Sri Lanka, China sign deal to develop Hambantota Port

Hambantota Port Agreement To Be Signed Tomorrow PM

Sri Lanka allays India's concerns renegotiates port deal with China

Sri Lanka today signed a $1.1 billion deal to lease the southern deep-sea port of Hambantota to China for control and development for a 99-year period and also lease a surrounding 15,000 acre of land for development as an industrial zone.

"Sri Lanka will be well positioned to play a strategic role in the one?belt-one-road initiative of the government of the People?s Republic of China", Hu said.

The document was signed between the government-run Sri Lanka Ports Authority and the state-run China Merchants Port Holding Co.in the capital, Colombo, in the presence of senior government officials from Sri Lanka and China.

The Cabinet approved the agreement Tuesday after a almost six-month delay since the framework deal was signed and immediately drew public criticism and protests.

According to the deal, the Chinese side will hold a 70 percent stake in two joint ventures to be launched to take charge of the commercial and administrative management operations of the port respectively, Xinhua reported. The government was considering to sell some of its stake and in a bid to increase its dominance over the sea ports in the continent, China came as the frontrunner to buy the stake on sale.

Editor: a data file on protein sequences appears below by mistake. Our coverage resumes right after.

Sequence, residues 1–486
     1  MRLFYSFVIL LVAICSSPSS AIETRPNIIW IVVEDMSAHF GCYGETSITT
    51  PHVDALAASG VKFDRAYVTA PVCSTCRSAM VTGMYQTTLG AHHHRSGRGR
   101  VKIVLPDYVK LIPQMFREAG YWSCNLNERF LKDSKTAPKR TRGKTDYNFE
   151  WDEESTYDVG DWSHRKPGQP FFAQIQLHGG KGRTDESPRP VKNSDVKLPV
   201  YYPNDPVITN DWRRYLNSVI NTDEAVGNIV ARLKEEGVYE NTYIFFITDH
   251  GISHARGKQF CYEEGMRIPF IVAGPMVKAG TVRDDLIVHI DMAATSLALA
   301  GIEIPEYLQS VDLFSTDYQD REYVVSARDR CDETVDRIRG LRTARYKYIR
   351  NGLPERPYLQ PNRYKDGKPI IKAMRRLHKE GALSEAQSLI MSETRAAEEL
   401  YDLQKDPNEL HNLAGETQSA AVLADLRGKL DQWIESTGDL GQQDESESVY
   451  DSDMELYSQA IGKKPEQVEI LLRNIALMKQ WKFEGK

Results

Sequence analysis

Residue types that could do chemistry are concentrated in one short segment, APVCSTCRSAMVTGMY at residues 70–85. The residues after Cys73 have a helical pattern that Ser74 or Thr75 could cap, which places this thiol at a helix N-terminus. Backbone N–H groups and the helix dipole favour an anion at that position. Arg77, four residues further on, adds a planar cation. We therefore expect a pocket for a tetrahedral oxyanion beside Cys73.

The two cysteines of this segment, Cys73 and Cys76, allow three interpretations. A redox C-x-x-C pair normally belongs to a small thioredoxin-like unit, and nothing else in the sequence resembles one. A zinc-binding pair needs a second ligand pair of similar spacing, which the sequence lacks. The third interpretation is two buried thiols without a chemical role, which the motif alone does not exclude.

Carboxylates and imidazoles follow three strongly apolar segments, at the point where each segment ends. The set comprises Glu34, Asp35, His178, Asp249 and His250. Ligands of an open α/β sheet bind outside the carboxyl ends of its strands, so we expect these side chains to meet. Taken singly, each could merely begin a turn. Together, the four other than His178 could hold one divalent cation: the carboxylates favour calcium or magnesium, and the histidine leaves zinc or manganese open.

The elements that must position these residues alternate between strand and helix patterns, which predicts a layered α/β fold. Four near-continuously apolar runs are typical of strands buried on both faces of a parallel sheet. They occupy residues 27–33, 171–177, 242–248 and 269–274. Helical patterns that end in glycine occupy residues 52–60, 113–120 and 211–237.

This photo, dated February 10, 2015, shows the Hambantota port, in southeast Sri Lanka. Cash from the firm's majority stake will be used to repay part of the island nation's huge foreign debt. Under the 99-year lease agreement, CMPort is to invest up to United States dollars 1.1 billion in the port and marine-related activities.

The port, built with a Chinese loan during the administration of former President Mahinda Rajapaksa, is seen as a white elephant because it has failed to become financially viable since it began operations in 2011.

The port's annual loan repayment commitment stands at $59 million, and by the end of 2016 the port had suffered a loss of $304 million, according to the government. In May, Sri Lanka turned down a Chinese request to dock a submarine.

"The government has the ability to amend the agreement in future as a result of a clause added to the agreement by President Maithripala Sirisena".

The Hambantota port straddles the world's busiest east-west shipping route and several countries, including neighbouring India, had raised concerns China could use it for its own military needs.

Latest News